If we work with different units, the conversion constant will be different. For instance, if we measure mass in tons and energy in BTUs, then c will be 93,856,000,000,000,000. (It happens to work out that the conversion constant in a particular set of units is always the speed of light in those units, but that is another story.) If we measure both energy and mass in what physicists call 'the natural units' (in which c = 1), we would write the equation: e = m, which makes it easier to understand; it just means that energy and mass are the same thing.
It doesn't matter whether the energy is electrical energy, chemical energy, or even atomic energy. It all weighs the same amount per unit of energy. In fact, the equation even works with something physicists call 'kinetic' energy, that is, the energy something has when it is moving. For example, when I throw a baseball, I put energy into the baseball by pushing it with my arm. According to Einstein's equation, the baseball actually gets heavier when I throw it. (A physicist might get picky here and distinguish between something getting heavier and something gaining mass, but I'm not going to try. The point is that the ball becomes harder to throw.) The faster I throw the baseball, the heavier it gets. Using Einstein's equation, e = mc², I calculate that if I could throw a baseball one hundred miles per hour (which I can't, but a good pitcher can), then the baseball actually gets heavier by 0.000000000002 grams - which is not much.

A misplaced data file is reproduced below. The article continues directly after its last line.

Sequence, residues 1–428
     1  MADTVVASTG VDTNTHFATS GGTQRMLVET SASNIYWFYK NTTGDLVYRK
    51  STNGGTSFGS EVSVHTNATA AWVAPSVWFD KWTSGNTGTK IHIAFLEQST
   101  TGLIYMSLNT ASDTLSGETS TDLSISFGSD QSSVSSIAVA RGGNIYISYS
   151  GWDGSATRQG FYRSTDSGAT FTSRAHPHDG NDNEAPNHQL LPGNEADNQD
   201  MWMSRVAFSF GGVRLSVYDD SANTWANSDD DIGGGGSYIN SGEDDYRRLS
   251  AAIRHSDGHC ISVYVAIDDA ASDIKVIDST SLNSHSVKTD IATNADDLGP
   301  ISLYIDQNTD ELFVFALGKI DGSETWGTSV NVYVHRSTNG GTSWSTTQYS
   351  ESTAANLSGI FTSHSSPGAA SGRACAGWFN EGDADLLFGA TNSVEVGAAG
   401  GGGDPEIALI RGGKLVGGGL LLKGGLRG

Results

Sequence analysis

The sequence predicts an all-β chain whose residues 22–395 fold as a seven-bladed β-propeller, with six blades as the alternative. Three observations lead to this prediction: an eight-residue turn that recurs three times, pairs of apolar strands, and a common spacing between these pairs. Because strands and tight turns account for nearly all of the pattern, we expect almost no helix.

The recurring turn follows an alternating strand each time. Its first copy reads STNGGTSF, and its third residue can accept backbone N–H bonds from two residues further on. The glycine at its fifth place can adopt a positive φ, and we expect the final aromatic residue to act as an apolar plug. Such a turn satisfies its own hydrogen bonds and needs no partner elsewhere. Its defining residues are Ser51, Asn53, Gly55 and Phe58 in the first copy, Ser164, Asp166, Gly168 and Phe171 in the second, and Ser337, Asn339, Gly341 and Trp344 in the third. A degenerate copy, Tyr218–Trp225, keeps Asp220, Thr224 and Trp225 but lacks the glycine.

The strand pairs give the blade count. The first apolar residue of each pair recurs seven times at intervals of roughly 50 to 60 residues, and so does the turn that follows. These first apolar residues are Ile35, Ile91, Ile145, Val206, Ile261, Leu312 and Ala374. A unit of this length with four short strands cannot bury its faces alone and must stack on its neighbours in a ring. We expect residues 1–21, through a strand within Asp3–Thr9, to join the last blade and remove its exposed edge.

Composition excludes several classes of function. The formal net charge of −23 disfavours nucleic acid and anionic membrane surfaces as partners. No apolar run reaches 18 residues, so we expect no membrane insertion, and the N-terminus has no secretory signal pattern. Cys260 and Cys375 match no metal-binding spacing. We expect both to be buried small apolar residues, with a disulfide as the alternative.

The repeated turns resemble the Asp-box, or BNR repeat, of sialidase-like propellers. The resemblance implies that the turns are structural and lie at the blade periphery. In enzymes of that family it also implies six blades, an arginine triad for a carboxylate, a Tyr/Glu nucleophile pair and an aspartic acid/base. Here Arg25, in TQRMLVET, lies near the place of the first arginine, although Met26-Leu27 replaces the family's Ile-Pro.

Now, let's go back to your starship. Let's assume that your engines are powered by tapping into some external source, so you don't have to worry about carrying fuel. As you get going faster and faster in your starship, you are putting more and more energy into the ship by speeding it up, so the ship keeps getting heavier. (Again, I should really be saying 'massier' not 'heavier' since there is no gravity in space.) By the time you reach 90 percent of the speed of light, the ship has so much energy in it that it actually has about twice the mass as the ship has at rest. It gets harder and harder to propel with the engines, because it's so heavy. As you get closer to the speed of light, you begin to get diminishing returns - the more energy the ship has, the heavier it gets, so the more energy must be put into it to speed it up just a little bit, the heavier it gets, and so on.